Politics & Economics

Will Qalb Tunis and Ennahda Partner To Form Tunisian Government?

North Africa

There are signs in Tunisia that the Qalb Tunis party will form a "Coalition of Opposites" with Ennahda after the former supported the latter's candidate for the Speaker of the Parliament, Rachid Ghannouchi.

With the completion of Parliamentary and Presidential elections, Tunisia is working to form a new government. Having gained the most votes during recent Parliamentary elections, the Ennahda and Qalb Tunis (Heart of Tunisia) parties have emerged as the main political forces in the country and are expected to form a coalition government. However, this “Coalition of Opposites” has deep ideological divisions that will make the formation of the government difficult.

Among the most notable developments to take place in the government formation process was the election of Rachid Ghannouchi as the Speaker of the Parliament. Ghannouchi was nominated by the Ennahda Party in opposition to Qalb Tunis nominee, Abdel Aziz Belkhouja. However, in a move that surprised even the members of Qalb Tounis, the party ultimately shifted its support to Ghannouchi, resulting in him getting elected as the Speaker of the Parliament. Belkhouja has since resigned from Qalb Tunis.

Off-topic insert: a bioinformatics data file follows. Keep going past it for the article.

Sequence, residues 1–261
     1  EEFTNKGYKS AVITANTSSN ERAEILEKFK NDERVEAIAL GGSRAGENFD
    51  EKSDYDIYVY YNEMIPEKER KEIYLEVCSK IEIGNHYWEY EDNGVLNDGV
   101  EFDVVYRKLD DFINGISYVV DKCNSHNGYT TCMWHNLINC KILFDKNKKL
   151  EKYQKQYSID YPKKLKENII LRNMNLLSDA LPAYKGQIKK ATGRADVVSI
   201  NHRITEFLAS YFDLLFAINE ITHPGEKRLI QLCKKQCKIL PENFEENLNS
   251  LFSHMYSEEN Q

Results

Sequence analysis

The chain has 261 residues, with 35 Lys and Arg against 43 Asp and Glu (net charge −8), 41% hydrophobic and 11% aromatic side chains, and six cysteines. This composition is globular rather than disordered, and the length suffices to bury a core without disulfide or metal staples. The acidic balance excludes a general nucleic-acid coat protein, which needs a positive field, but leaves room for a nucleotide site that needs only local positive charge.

Developments such as these highlight the divisions not just between parties but also within parties. Especially for Qalb Tunis, these splits could be especially dangerous, given that the party came second in the Parliamentary elections – trailing closely behind Ennahda – and whose presidential candidate, the controversial business tycoon Nabil Karoui, lost against the Ennahda-supported Qais Said.

Qalb Tunis was only founded in June 2019 and thus does not have strong or established history or coherence. Furthermore, Ennahda has, so far, indicated that it would not form a coalition government with Qalb Tunis. It is possible that Qalb Tunis’ decision to back Ghannouchi was a way to extract a compromise from Ennahda to form a coalition government.

If so, parties such as Tahya Tunis (Long Live Tunisia), whose chairman, Youssef Chahed, is the Prime Minister of Tunisia, will be disappointed, as the party had rejected the idea of forming a coalition with Ennahda.

Despite the bleak and uncertain look, the relatively cordial process in which the negotiations have proceeded, in addition to the relatively stable elections, raise hopes for the future of Tunisian democracy. Despite many tensions, Tunisian parties have shown themselves to be capable of negotiating towards a common solution and compromising when needed. Although the path ahead will not be easy and a number of major challenges remain, these developments are, on the whole, a source of hope, not concern, for Tunisia.